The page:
Cardinal Stefan Wyszyński was behind the Polish bishops’ address to the authorities, remembered as the "Non Possumus" letter, in which the leaders of the Polish Church refused to accept the communist policy. In response, on 25 September 1953, the Primate was arrested, and remained in detention until the autumn of 1956. It was in that period that he wrote the famous Nation’s Vow at Jasna Góra, that a milion-strong congregation made on 26 August 1956.
For 9 years, he led the spiritual Great Novena, preparing the nation for the millennium of Poland’s christening. Thousands participated in the celebrations throughout the country, and their highpoint at Jasna Góra drew nearly 2 million people – a religious gathering lined with independence aspirations on a scale unseen anywhere else in the Soviet Bloc. A year before, in 1965, it was Wyszyński who initiated the letter of Polish Episcopate to German bishops, a message of reconciliation that drew harsh criticism from the communist propaganda. In the years 1980-1981, despite poor health, the Cardinal did his best to serve as an intermediary between the authorities and the "Solidarity" Trade Union.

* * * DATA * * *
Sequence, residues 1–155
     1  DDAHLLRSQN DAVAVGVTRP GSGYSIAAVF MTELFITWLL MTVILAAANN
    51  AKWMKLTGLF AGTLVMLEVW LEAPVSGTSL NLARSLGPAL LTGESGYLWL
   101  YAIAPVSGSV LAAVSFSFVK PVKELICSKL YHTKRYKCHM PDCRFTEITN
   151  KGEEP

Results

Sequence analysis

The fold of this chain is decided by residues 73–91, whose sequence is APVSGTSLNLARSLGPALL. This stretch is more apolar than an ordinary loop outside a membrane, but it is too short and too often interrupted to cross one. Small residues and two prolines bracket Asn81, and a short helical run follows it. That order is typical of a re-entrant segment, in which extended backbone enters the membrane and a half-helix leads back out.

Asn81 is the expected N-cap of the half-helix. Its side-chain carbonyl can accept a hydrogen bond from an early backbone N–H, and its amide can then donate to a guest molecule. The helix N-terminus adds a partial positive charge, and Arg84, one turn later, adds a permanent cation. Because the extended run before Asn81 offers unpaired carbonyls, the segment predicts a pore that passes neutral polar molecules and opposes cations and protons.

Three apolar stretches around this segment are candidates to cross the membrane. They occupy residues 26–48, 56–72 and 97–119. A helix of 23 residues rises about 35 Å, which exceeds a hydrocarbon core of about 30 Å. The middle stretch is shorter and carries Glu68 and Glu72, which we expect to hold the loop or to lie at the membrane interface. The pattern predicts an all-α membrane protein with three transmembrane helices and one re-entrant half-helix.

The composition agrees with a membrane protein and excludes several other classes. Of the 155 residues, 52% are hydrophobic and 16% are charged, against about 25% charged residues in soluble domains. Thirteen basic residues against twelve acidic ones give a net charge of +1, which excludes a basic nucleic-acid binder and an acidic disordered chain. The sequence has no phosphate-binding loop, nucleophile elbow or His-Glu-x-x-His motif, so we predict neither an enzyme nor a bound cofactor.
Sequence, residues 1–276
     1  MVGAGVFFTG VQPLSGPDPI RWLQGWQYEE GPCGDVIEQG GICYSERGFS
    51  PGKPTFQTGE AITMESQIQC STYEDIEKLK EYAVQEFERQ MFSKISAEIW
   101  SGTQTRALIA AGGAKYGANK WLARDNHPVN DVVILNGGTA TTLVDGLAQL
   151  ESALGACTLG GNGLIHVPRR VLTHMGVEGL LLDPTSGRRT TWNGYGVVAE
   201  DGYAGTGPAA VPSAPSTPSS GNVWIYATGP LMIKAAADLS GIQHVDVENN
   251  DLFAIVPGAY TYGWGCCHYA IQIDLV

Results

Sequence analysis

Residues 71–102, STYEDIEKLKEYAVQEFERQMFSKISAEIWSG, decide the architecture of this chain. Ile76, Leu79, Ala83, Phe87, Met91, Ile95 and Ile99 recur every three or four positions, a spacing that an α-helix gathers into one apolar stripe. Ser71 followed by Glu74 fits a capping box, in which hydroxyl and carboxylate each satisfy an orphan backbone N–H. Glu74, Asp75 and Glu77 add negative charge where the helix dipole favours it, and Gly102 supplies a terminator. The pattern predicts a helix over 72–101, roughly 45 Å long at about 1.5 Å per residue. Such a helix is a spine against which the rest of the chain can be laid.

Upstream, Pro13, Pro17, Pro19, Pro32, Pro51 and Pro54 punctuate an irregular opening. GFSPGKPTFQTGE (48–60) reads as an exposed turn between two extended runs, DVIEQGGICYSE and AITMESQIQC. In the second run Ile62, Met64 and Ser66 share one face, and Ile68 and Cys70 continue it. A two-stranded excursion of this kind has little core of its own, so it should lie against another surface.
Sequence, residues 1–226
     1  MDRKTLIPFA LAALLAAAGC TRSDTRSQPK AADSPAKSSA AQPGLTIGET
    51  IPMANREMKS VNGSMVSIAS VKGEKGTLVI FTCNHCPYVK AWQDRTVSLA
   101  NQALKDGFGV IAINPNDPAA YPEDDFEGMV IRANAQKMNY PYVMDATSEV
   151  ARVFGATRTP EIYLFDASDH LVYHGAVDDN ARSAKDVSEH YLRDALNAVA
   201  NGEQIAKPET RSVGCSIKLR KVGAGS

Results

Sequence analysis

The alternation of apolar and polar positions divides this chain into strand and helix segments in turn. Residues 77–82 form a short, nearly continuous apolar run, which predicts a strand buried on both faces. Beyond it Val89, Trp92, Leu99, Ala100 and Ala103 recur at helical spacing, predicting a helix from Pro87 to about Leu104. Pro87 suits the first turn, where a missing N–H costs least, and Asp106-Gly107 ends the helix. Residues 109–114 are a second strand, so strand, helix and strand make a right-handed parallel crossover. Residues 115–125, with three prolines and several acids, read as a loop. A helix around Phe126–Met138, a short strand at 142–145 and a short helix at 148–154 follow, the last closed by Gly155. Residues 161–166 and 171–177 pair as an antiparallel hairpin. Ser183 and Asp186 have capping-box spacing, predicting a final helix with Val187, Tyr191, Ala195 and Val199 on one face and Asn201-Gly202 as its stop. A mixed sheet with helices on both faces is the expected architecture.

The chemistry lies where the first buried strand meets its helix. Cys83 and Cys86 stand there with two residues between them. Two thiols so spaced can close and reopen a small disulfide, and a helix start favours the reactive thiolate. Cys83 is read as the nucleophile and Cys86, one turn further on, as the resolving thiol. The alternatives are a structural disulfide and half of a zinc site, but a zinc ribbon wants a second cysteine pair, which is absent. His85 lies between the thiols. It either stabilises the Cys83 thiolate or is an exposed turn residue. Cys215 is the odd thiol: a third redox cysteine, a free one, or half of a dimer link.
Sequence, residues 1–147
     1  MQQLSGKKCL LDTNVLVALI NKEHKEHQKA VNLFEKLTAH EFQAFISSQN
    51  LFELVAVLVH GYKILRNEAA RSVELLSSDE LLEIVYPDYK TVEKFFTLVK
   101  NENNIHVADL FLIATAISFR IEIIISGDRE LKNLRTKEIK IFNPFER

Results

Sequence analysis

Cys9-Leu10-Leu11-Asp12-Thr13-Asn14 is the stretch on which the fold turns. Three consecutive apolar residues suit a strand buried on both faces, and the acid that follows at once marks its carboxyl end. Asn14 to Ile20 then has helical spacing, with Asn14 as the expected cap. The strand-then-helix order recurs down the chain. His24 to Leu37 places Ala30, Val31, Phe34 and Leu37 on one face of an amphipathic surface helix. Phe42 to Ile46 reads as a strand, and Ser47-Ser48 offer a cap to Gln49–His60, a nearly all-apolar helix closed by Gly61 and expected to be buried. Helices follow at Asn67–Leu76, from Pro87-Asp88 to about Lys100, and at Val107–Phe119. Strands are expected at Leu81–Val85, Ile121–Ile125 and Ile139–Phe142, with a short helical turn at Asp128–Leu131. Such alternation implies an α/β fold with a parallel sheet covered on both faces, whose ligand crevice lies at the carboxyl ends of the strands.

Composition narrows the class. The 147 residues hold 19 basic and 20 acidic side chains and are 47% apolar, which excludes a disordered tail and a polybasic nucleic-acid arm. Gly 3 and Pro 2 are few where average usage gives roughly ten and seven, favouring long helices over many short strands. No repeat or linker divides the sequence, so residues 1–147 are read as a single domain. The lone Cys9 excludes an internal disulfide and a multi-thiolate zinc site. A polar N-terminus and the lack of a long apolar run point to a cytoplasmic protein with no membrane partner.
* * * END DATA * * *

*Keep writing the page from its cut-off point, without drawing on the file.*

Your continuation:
Stefan Wyszyński died on 28 May 1981 in Warsaw, and was interred in St. John’s Cathedral; his funeral service became a huge demonstration of the nation’s patriotic feelings.